Brian Mulroney, the former prime minister and member of multiple Quebecor boards, marvels at Péladeau's ability to conceptualize and communicate. "He stood up at a board meeting the other day and, before a blackboard and without any notes, gave the most complex presentation on all the new technologies, the kind you'd expect from an expert. It was quite a performance." Péladeau, Mulroney says, reminds him of a young Paul Desmarais. Unlike Desmarais, however, Mulroney insists he's never heard Péladeau utter a political opinion. This makes him a rarity among Quebec's leading CEOs. Indeed, the most legendary among them--Desmarais, Laurent Beaudoin, Péladeau's father--considered it their duty to intervene in politics. Desmarais and Beaudoin are strident federalists. Pierre Péladeau openly flirted with the separatists.

Péladeau is about to embark on an explanation of his apolitical nature when a loud crack punctuates the reporter's question. The dainty chair has finally succumbed under the strain of its occupant's balancing act. "Wow!" He is down on his knees now, inspecting the sorry wreck. "Go on," he orders, planting himself in a sturdier piece of furniture. And then delivers his response: "I don't think it's my role to comment on politics. It's not even of interest to me. I run a global company." He pauses an instant. "I don't care what's happening in Quebec or Canada."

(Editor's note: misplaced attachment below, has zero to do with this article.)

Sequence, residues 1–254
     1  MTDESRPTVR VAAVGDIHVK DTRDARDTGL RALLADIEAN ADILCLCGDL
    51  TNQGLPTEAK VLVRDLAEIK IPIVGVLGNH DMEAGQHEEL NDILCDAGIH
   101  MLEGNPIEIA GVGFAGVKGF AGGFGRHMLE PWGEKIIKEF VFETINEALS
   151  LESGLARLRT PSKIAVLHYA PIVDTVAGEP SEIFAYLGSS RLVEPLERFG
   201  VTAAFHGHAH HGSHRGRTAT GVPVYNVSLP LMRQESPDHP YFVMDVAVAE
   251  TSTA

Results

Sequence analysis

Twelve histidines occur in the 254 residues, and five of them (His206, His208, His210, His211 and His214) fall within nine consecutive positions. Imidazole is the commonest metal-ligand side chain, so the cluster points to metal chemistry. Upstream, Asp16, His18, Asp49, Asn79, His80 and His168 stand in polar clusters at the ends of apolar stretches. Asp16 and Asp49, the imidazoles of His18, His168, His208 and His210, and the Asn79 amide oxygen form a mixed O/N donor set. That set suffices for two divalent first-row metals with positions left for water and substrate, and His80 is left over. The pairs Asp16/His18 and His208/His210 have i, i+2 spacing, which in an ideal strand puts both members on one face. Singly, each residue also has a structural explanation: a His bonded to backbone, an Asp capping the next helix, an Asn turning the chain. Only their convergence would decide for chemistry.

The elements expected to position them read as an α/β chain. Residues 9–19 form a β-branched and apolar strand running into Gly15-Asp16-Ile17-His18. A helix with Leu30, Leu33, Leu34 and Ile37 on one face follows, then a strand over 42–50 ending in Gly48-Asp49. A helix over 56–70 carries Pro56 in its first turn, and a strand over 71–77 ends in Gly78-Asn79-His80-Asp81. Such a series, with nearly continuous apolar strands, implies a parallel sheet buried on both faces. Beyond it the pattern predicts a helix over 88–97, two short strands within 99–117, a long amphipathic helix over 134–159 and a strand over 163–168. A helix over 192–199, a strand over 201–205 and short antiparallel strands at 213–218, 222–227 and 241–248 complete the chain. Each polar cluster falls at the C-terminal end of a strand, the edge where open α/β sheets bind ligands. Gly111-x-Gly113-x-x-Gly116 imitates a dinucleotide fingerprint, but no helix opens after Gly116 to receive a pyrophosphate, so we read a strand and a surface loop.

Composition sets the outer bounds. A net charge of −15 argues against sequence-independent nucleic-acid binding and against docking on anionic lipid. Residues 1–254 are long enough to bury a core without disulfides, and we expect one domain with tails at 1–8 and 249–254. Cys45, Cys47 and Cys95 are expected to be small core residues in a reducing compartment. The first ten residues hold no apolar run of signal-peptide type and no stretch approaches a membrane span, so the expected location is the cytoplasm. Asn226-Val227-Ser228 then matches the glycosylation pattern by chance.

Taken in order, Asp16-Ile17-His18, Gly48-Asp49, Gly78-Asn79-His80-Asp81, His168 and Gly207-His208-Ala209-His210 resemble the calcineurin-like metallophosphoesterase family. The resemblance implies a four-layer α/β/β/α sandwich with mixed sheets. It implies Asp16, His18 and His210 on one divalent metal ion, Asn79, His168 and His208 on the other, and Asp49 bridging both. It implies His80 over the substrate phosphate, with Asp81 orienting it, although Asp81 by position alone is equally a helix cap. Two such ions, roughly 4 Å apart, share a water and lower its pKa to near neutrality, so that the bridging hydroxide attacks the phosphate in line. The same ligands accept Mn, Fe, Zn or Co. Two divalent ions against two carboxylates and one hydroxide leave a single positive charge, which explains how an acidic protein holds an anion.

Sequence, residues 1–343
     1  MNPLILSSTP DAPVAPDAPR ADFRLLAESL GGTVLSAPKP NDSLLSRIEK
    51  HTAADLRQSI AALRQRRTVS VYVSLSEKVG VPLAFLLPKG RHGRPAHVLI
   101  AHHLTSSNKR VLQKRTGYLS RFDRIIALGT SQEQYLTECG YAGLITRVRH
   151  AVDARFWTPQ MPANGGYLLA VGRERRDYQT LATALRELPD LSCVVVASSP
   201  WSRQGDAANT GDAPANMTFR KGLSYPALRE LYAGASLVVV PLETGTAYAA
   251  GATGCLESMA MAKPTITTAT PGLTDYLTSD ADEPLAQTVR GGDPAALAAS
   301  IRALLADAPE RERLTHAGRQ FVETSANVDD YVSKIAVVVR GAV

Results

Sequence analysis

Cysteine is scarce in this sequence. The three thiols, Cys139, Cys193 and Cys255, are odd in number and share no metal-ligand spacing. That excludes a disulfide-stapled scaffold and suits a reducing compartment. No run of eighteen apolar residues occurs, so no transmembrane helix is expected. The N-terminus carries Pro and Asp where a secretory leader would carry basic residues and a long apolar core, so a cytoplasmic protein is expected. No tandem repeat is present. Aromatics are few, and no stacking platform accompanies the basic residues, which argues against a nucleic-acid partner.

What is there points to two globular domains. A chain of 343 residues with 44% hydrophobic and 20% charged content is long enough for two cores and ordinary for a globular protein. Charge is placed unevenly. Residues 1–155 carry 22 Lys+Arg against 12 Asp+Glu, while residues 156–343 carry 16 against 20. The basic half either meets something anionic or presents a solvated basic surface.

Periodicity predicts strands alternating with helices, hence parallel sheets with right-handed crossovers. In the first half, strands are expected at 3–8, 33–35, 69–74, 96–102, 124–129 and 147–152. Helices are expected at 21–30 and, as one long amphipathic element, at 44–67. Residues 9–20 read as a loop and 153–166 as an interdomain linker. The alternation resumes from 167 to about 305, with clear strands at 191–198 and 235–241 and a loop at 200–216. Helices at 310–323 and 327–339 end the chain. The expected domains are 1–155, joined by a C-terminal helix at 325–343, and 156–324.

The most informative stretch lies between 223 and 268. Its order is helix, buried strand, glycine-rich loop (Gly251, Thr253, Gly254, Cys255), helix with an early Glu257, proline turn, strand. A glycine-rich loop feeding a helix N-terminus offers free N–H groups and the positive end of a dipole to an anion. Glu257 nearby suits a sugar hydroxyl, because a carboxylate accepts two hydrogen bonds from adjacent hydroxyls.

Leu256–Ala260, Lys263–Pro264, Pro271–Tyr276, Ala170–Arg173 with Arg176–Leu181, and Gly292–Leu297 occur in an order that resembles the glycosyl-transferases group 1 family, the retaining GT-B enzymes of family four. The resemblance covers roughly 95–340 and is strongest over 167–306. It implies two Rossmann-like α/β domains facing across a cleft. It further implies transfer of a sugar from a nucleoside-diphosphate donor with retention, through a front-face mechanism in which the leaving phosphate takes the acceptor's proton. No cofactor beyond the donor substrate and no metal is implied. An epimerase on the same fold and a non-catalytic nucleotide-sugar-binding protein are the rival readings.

It is hard not to read into Péladeau's scrupulous refusal to be drawn into Quebec politics and fierce protection of his privacy a conscious attempt to disavow his flamboyant father. Pierre Péladeau eschewed political

correctness and spoke wantonly of his personal life, his sexual conquests and battles with alcoholism and manic depression. He could be foul-mouthed, offensive and inelegant at times. He was, at the same time, a connoisseur of classical music and French literature and probably Quebec's leading arts patron. But he played down his finer features and revelled in the caricature he had created of himself.

Pierre Karl Péladeau himself became a father for the first time in March. It is hard to picture him as the doting dad. But he betrayed a bit of paternal pride during his evening Canoe chat when the usually private executive confided he liked to play with his daughter, Marie. "Fatherhood is going to change him," Mulroney predicts. The new father demurs. "My wife [French-born Isabelle Hervet]is taking care of the baby. I'll be [at home]as usual on the weekend." Within hours of his daughter's birth, Péladeau was putting in 20-hour days on what could well be the defining deal of his career. Then again, with Péladeau's ambitions, probably not.